National construction indsutry leaders agree there were few surprises in this year’s federal budget and little mention of infrastructure spending, however, many lauded the government initiatives to expand the skilled trades workforce.
Finance Minister Bill Morneau tabled Budget 2018 — Equality + Growth: A Strong Middle Class, in Ottawa Feb. 27.
“It was a ‘stay the course’ budget with no new large spending initiatives,” said John Gamble, president and CEO of the Association of Consulting Engineering Companies — Canada, adding most of the infrastructure addressed in the budget had to do with money that was previously allocated.
“The budget reaffirms the government’s previous $180 billion in commitments to infrastructure but the funding will be distributed at a slower rate than originally anticipated.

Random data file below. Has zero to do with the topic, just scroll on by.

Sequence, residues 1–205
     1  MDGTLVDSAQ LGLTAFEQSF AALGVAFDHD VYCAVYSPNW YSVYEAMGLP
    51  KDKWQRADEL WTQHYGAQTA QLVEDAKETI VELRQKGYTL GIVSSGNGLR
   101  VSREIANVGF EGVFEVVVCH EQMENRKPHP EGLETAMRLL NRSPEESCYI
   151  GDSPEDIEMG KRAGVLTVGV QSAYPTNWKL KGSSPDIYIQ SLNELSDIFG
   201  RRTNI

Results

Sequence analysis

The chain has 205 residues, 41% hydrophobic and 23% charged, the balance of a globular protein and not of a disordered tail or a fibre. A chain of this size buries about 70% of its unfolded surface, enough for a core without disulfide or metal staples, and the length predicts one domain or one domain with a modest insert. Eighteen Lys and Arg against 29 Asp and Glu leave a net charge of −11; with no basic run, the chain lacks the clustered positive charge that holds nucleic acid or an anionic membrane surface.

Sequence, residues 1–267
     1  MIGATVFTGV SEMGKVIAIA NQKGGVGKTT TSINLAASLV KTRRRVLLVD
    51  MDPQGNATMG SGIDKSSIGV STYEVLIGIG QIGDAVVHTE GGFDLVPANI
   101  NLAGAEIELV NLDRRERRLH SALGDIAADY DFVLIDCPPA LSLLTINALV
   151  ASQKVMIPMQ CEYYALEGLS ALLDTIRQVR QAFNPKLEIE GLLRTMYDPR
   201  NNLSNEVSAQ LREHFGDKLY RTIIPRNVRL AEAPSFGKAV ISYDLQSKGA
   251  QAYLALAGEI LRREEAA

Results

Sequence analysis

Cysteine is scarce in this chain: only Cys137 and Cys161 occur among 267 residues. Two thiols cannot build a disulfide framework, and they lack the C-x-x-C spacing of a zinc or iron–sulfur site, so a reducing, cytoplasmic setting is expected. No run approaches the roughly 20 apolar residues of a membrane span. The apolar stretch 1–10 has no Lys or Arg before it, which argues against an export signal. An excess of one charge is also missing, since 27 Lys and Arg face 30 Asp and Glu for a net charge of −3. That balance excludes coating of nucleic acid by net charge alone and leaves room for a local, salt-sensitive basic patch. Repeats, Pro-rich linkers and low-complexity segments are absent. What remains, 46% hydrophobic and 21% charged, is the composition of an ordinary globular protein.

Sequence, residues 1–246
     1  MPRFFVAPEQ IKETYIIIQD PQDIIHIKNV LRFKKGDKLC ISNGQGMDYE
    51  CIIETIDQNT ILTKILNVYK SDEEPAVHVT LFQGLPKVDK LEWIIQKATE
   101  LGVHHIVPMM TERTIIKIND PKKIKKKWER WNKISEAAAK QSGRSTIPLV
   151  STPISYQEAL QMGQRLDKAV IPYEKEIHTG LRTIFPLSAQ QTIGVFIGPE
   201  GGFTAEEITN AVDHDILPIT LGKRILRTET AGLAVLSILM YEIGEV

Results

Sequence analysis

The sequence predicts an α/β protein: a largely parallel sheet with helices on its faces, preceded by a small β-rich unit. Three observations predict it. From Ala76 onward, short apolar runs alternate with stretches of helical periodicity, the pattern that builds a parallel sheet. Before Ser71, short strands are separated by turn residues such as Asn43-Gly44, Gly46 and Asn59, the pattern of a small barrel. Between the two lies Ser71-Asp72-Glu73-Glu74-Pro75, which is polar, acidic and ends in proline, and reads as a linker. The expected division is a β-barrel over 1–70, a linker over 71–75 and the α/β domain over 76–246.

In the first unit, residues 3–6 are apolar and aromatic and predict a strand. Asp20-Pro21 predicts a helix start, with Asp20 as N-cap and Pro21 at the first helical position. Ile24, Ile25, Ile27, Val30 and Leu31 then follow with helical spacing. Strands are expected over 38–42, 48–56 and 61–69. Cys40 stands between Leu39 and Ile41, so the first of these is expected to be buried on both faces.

“Over the next four to five years, increases in infrastructure investment will be more modest than originally proposed and instead there will be an increase in infrastructure investments in the latter half of the 12-year commitment.”
The budget showed more than $3.8 billion from Phase 1 of the plan will not be spent until at least 2021. It was supposed to be spent by the end of the month, reads an article from the Canadian Press.
According to the budget, “the funding profiles for a number of federal infrastructure programs have been updated for Budget 2018 to reflect when the government expects to receive claims from recipients. The government is also finalizing negotiations with the provinces and territories to provide long-term funding through integrated bilateral agreements.”
A spokesman for Infrastructure Minister Amarjeet Sohi said the new numbers reflect when the government expects to receive expense claims from cities and provinces, a process that often creates a lag between when work takes place and when the federal money is spent.
In some cases, the government won’t receive receipts until after a project is completely finished. In other cases, projects are delayed because of labour strife, bad weather or other factors beyond Ottawa’s control.